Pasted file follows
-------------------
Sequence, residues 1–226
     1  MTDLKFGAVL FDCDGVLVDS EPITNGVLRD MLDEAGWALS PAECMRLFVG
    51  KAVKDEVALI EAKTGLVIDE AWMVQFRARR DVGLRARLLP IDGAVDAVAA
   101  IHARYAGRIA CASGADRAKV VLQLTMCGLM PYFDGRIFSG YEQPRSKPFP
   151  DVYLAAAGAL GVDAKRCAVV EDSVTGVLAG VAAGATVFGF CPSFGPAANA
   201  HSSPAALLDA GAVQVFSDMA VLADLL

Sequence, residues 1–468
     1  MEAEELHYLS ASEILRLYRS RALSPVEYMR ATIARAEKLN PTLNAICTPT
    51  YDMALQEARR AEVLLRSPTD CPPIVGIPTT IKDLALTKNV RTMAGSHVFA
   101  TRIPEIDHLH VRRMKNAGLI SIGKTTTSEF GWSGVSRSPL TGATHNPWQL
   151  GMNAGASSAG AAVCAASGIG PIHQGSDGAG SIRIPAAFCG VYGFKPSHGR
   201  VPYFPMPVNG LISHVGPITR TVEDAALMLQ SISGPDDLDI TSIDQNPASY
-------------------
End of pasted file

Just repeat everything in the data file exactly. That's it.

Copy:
Sequence, residues 1–226
     1  MTDLKFGAVL FDCDGVLVDS EPITNGVLRD MLDEAGWALS PAECMRLFVG
    51  KAVKDEVALI EAKTGLVIDE AWMVQFRARR DVGLRARLLP IDGAVDAVAA
   101  IHARYAGRIA CASGADRAKV VLQLTMCGLM PYFDGRIFSG YEQPRSKPFP
   151  DVYLAAAGAL GVDAKRCAVV EDSVTGVLAG VAAGATVFGF CPSFGPAANA
   201  HSSPAALLDA GAVQVFSDMA VLADLL

Sequence, residues 1–468
     1  MEAEELHYLS ASEILRLYRS RALSPVEYMR ATIARAEKLN PTLNAICTPT
    51  YDMALQEARR AEVLLRSPTD CPPIVGIPTT IKDLALTKNV RTMAGSHVFA
   101  TRIPEIDHLH VRRMKNAGLI SIGKTTTSEF GWSGVSRSPL TGATHNPWQL
   151  GMNAGASSAG AAVCAASGIG PIHQGSDGAG SIRIPAAFCG VYGFKPSHGR
   201  VPYFPMPVNG LISHVGPITR TVEDAALMLQ SISGPDDLDI TSIDQNPASY